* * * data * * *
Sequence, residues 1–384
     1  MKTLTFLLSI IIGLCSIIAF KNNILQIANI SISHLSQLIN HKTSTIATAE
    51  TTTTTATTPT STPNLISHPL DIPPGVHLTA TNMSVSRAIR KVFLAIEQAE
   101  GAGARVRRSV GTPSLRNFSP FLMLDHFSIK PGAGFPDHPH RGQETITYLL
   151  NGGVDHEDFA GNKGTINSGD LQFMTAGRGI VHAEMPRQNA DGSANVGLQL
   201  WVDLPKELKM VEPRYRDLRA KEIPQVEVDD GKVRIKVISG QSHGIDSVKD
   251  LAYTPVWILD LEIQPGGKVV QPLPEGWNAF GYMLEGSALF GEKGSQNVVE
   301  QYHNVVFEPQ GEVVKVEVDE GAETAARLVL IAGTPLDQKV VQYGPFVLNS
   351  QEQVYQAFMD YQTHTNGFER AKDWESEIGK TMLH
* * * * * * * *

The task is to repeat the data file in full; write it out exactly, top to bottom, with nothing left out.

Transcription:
Sequence, residues 1–384
     1  MKTLTFLLSI IIGLCSIIAF KNNILQIANI SISHLSQLIN HKTSTIATAE
    51  TTTTTATTPT STPNLISHPL DIPPGVHLTA TNMSVSRAIR KVFLAIEQAE
   101  GAGARVRRSV GTPSLRNFSP FLMLDHFSIK PGAGFPDHPH RGQETITYLL
   151  NGGVDHEDFA GNKGTINSGD LQFMTAGRGI VHAEMPRQNA DGSANVGLQL
   201  WVDLPKELKM VEPRYRDLRA KEIPQVEVDD GKVRIKVISG QSHGIDSVKD
   251  LAYTPVWILD LEIQPGGKVV QPLPEGWNAF GYMLEGSALF GEKGSQNVVE
   301  QYHNVVFEPQ GEVVKVEVDE GAETAARLVL IAGTPLDQKV VQYGPFVLNS
   351  QEQVYQAFMD YQTHTNGFER AKDWESEIGK TMLH